Model of a Cold-War era Soviet main battle tank. Features suspension, rotated turret, elevated main cannon and lights.
Completion date: 10/09/2011
Power: electric (Power Functions)
Dimensions: length 39 studs (52 studs including main cannon’s barrel) / width 19 studs / height 16 studs (not including antenna)
Weight: 1.057 kg
Suspension: torsion bars
Propulsion: 2 x PF Medium geared 1:1
Motors: 3 x PF Medium, 1 x micromotor
Top speed: 1.14 kmph
T-72 is one of the most popular tanks in the modern world. It has been produced for 40 years now, and the production still continues with over 25,000 total tanks built. It was designed with cheap mass production and maintenance in mind. It offers interesting blend of simplicity and good characteristics, and it generally follows the Soviet doctrine of focusing on quantity rather than quality of tanks. While the T-72s can be easily gathered in large numbers, they usually lose 1:1 encounters with Western tanks.
I have chosen this particular tank because it’s a great example of Cold-War era Soviet tank design, with flattened hull and small, bowl-shaped turret. The US intelligence nicknamed the turret “Dolly Parton” because its shape supposedly reminded her breasts (you are strongly advised NOT TO search for photos of Dolly Parton, for the sake of your good taste). I had two goals while building it: to test the torsion bars suspension in a lightweight model, and to see how small fully motorized tank model can I build.
As for the aesthetic side, there was a number of minor shortcomings. I wanted to properly model the distinctive shape of the turret, because Lego models of the T-72 usually have turret shaped like a slightly gnawed disc. I think I achieved that, at the cost of attaching some details to the bottom of the turret, thus increasing the gap between the turret and the hull’s upper surface. The turret also had very little space inside – so little, in fact, that the majority of the main cannon elevation system had to fit in a 2 studs wide gap.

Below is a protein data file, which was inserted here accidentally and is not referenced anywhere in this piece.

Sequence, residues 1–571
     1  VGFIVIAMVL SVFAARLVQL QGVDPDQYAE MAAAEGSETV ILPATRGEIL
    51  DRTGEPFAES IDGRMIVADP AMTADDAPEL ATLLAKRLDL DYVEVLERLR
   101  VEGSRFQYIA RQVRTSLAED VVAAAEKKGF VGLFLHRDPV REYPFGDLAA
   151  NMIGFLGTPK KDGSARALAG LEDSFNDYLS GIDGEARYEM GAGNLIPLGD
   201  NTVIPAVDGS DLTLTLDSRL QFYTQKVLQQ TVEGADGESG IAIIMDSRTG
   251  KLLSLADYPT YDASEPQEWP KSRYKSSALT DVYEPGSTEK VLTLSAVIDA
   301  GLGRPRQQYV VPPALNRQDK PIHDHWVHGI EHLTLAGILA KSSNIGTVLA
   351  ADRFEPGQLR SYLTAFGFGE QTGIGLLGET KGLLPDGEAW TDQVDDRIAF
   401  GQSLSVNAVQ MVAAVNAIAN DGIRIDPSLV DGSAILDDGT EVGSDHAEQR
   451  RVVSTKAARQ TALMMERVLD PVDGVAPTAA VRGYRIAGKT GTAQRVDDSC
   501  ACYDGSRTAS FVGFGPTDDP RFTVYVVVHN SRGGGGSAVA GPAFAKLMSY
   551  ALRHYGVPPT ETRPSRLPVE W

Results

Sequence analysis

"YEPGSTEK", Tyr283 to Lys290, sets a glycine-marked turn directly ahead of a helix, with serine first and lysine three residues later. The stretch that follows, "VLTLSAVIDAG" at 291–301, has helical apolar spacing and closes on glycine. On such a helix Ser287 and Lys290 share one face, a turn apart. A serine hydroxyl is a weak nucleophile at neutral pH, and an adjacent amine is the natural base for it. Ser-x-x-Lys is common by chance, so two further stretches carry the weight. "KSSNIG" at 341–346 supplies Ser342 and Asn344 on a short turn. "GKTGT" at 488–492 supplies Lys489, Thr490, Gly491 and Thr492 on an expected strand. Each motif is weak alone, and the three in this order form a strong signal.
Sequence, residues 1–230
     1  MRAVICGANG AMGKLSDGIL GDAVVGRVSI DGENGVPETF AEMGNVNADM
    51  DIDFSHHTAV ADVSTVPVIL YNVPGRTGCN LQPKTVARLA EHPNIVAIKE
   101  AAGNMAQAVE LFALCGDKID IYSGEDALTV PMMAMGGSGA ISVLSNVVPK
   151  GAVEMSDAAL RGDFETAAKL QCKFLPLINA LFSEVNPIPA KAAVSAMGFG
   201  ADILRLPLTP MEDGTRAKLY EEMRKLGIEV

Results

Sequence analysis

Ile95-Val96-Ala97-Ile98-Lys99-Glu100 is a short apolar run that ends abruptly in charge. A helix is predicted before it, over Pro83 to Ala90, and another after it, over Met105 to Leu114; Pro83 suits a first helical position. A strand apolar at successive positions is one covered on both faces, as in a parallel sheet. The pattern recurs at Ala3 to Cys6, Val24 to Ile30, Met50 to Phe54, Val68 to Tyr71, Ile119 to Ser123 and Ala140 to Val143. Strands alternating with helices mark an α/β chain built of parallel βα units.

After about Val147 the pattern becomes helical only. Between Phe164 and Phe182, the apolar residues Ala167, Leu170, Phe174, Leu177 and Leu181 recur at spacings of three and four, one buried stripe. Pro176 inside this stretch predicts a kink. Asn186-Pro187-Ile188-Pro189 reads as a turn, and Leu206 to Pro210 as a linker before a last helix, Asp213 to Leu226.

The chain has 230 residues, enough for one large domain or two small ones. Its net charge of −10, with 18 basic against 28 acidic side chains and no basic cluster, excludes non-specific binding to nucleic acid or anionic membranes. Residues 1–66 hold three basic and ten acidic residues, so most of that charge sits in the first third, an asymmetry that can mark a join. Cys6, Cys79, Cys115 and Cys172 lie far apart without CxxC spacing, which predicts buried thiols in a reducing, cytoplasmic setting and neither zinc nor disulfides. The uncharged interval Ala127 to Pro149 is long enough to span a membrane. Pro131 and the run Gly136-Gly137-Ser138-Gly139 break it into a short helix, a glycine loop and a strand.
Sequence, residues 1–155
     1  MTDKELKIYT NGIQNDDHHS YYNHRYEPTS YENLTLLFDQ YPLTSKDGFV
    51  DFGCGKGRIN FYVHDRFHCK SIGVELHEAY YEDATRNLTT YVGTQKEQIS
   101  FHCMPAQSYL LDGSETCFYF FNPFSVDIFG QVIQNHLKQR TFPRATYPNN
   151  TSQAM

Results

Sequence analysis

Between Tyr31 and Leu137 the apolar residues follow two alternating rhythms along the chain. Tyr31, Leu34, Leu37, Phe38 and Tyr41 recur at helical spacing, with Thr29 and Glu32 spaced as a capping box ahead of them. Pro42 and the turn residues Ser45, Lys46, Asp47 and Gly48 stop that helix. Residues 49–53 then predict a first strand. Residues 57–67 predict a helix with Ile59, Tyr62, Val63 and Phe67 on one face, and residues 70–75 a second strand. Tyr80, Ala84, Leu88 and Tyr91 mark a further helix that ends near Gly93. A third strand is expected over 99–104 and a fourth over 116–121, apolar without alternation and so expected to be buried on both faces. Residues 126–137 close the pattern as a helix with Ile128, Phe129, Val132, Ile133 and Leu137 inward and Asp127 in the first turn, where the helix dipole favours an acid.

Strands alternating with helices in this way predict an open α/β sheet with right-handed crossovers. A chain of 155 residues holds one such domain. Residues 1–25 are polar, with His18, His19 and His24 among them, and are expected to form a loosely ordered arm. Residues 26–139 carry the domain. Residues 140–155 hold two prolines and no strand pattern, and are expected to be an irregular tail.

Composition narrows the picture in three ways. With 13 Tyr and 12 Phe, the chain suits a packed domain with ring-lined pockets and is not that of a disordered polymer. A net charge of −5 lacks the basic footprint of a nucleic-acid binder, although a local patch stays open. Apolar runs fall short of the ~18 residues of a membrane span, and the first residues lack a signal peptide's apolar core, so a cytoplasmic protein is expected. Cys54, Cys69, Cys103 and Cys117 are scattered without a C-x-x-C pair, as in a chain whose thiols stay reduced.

Other than that, the central section of the main cannon’s barrel should have been slightly thicker, but the only idea that occurred to me was to wrap it in a paper of similar colour and let it pass for a sticker. I also had the impression that the hull is slightly too tall, even though I was sure it had the right proportions. I could have remedied it easily by decreasing the suspension’s angle and thus the ground clearance, lowering the entire tank, but the large ground clearance is distinctive for the T-72. Perhaps the reason was that the side skirts started a little higher than they do in the real tank.
The T-72 is unusual in how its details are distributed: there is a lot of details on top of the hull’s rear, but almost nothing on the side skirts and above the tracks. I have added some extra details to simulate the kind of “luggage” that some tanks carry on them – in some cases it seems that the tank’s crew grabs virtually anything that comes around and attaches it to the armour. I have also used Lego LEDs to emphasize the large number of searchlights on the turret, which is very distinctive for the T-72, and I used some Lego plants to simulate the so-called environmental camouflage, just to see the result.
The model was very simple technically. There were two PF Medium motors in the back, connected straight to the rear tension wheels. Together they provided reasonable speed and a surprisingly high torque. The were also two IR receivers in the back, and another PF Medium motor between them, used to rotate the turret. Because of how small the turret was, its entire rotation system along with the turntable was located in the hull. The central part of the hull was taken by the turntable, and the front was taken by the 8878 battery lying transversely on its side. The battery could be accessed by removing the entire glacis plate. The remaining space, which was sparse, was taken by wires and the suspension system.
This was my second tank to use torsion bars suspension – the previous one was almost 3.5 kg heavy, with nearly 0.25 kg load per road wheel, and its suspension worked perfectly. Here the suspension was very similar, except that the axles used as the torsion bars were kept at fixed angle by the toothed half-bushes and toothed connector joints. It saved some space, but it wasn’t working really well because there were gaps at the half-bushes, which I had to fill with tiny scraps of paper. The average load was less than 90 grams per road wheel, and the entire suspension was therefore very hard – it was actually difficult to notice that it works.
I was happy with how the model turned out, even though its aesthetic side had a few compromises to it. It was a good, very agile model to play with, but I think it proved too light for this kind of suspension.